For fans of Presidential politics, this is a must-read. For those that are just curious about what how convoluted American politics can get, this is a worthy introduction.

I rate this book 4 stars out of 5.

This book can be found on Amazon.com here: Tainted by Suspicion.

Sunday, October 16, 2016


Originally published by Phoenix Books in April of 2001
Re-published in 2016
Multicast performance
Duration: 1 hour, 6 minutes

Moe Moskowitz used to be a semi-regular feature on NPR in the morning. He is a character created by author and high school English teacher Robert Kaplow.

NPR is not known for its humor. In fact, I listened to one of their compilation CDs that was supposed to be funny and found it to be even less funny than the normal types of stories that NPR covers during a normal morning. Great news stories but, aside from the weekend stuff, they're not particularly funny.

Robert Kaplow. Photo by Lynn Lauber
Moe Moskowitz must have been like the proverbial bull in the China shop when his bits were played. He is quick, clever and non-stop. His attention ranges all over the place. He sings, he pitches new product ideas, he pitches new story ideas, he parodies everything from Alvin and the Chipmunks to Cokie Roberts. 

The collection is sort of a recounting the amazing career of Moskowitz. The style is very much in the style of Spike Jones and the City Slickers, a group that was pretty much the Weird Al Yankovic of the 1940s and 1950s.

Was it funny? For NPR this is a knee-slapper. I found it to be amusing with just a couple of truly funny moments. I listened, enjoyed it well enough but I have no plans to go back and listen again. Lots of parody songs, lots of clever lines but nothing that really nailed it for me.

I rate this audiobook 3 stars out of 5.

This collection can be found on Amazon.com here: Cancel My Subscription: The Worst of NPR.

Wednesday, October 12, 2016

THE CROSSING (Harry Bosch #20) (audiobook) by Michael Connelly

Published in November of 2015 by Hachette Audio
Read by Titus Welliver
Duration: 9 hours, 24 minutes

In The Crossing Harry Bosch is newly retired from LAPD - a forced retirement due to a suspension due to a rules infraction. Harry's past caught up to him - too many people in too many important places are tired of Harry's "screw protocol - I'm going to solve this case" attitude.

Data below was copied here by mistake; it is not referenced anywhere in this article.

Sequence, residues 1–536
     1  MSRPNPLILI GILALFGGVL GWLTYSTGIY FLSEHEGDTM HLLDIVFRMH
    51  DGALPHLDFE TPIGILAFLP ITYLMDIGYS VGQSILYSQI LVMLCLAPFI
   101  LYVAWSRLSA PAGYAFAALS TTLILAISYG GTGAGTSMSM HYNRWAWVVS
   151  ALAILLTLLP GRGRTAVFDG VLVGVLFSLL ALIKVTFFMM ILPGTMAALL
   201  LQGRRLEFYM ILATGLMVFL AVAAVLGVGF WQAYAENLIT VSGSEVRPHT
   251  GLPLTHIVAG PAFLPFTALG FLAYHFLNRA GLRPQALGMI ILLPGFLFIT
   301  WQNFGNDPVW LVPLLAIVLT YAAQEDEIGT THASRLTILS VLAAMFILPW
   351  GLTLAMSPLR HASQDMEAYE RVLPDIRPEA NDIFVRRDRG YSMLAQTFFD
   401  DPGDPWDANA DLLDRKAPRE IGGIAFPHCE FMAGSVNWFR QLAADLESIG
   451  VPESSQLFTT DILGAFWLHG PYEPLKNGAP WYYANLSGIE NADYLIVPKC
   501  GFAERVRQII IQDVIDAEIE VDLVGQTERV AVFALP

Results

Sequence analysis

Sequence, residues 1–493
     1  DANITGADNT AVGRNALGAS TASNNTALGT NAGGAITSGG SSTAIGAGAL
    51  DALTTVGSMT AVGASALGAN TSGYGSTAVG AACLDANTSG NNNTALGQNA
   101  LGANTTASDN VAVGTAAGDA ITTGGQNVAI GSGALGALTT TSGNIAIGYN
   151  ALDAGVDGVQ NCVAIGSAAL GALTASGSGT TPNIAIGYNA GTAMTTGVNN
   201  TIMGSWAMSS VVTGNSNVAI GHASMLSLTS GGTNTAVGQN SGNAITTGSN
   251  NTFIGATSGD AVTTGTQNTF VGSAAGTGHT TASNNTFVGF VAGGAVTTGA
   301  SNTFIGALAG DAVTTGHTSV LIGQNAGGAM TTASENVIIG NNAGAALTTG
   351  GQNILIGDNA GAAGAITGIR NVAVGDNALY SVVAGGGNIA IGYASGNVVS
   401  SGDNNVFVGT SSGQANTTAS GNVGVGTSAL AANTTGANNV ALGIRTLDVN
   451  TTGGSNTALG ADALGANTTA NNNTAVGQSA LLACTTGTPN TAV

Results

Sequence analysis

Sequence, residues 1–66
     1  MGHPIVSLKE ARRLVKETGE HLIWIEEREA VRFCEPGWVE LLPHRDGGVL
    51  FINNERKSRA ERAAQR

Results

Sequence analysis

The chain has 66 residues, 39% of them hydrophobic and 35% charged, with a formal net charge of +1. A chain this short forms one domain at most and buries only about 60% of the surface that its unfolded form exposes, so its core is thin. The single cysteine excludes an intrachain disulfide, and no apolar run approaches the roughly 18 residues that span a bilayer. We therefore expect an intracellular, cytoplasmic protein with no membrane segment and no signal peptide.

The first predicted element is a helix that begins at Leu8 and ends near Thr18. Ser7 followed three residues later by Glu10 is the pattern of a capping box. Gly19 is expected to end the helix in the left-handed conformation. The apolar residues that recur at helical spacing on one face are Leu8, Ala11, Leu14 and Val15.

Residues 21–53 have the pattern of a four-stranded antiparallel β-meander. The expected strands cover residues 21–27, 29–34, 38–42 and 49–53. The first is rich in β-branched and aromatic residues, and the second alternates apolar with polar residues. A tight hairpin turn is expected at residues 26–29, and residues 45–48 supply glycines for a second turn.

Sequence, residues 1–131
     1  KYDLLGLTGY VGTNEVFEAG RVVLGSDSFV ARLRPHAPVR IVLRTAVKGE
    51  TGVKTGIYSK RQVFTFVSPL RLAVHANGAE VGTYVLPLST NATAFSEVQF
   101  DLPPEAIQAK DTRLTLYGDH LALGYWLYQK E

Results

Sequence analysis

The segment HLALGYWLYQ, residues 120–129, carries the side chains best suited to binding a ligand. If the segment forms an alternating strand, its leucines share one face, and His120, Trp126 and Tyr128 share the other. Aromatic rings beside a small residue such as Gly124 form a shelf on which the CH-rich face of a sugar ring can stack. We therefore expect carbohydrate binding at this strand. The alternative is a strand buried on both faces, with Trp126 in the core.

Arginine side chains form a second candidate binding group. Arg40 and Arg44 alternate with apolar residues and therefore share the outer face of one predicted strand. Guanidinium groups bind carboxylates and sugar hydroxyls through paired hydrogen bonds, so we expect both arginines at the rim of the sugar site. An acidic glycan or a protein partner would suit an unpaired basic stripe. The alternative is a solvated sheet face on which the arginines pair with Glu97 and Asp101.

So, Harry is now unemployed. He's suing the department. He's restoring an old motorcycle - a project that he's been looking forward to for a long time. And, he is miserable. 

Titus Welliver, the narrator of this audiobook, portraying
Harry Bosch in Amazon Video's 
series Bosch.
His goal has always been to solve murders. It's practically his reason for his existence. Now, he has no more murders to solve because he is off the force.

Along comes his half brother, Mickey, the defense attorney, also known as "the Lincoln Lawyer" with a proposal. He wants him to do a little work on a murder case as an investigator for the defense because his regular investigator was hurt in a suspicious motorcycle accident. Normally, Harry would have nothing to do with a defense lawyer. In his mind, they get murderers off the hook and he'd be a traitor to everything he worked for his entire career.

But, against his better instincts he agrees to look at the file. And, once he starts digging into the case he notices a few loose ends. And, he can't help pulling on those loose ends, even if it means he has to cross over to the other side...

Just to be fair, I have enjoyed every Harry Bosch novel but one. Quite simply, I am a fan of the series and of the author. This book is a solid addition to the series. I enjoyed the procedural part of the story and the internal struggles of Bosch as he struggles with the concept of crossing over to the defense (thus, the title). But, in the end, the resolution of the case was not as clear as the characters in the story believe it to be. 

Titus Welliver, the actor who portrays Harry Bosch on the Amazon Video television series. He does a great job. He totally gets Bosch's grumpy side.

I rate this audiobook 4 stars out of 5. 

This audiobook can be purchased on Amazon.com here: The Crossing.

Saturday, October 8, 2016

DAVID and GOLIATH: UNDERDOGS, MISFITS, and the ART of BATTLING GIANTS (audiobook) by Malcolm Gladwell

Published by Hachette Audio in October of 2013.
Read by the author, Malcolm Gladwell.

Duration: 7 hours

Malcolm Gladwell has made his reputation by writing insightful articles in which you thoroughly learn about one thing but also how it applies to a larger concept.  Usually, there's a little light science involved and, if nothing else, the reader (or in my case, the listener) feels like he or she learned a little bit and heard an interesting story.

In this case, the premise is that in the David vs. Goliath stories, the underdog is not always as much of an underdog as it seems. He starts with the original David vs. Goliath story - the one in the Old Testament of the Bible and explains that Goliath clearly had size and strength going for him but those weren't all-pervading advantages. Goliath was strong and large but his strength made him reliant on the sword and close-in fighting. If an enemy got close to him and if Goliath got hold of him, Goliath would win. But, David was quick, small and used a sling. One commentator he quotes compares a skilled sling-user to a person using a pistol. David stands back, takes his shot, knocks down Goliath and then Goliath's strengths are all weaknesses. His size and armor makes it hard for him to get up. David rushes in and finishes Goliath.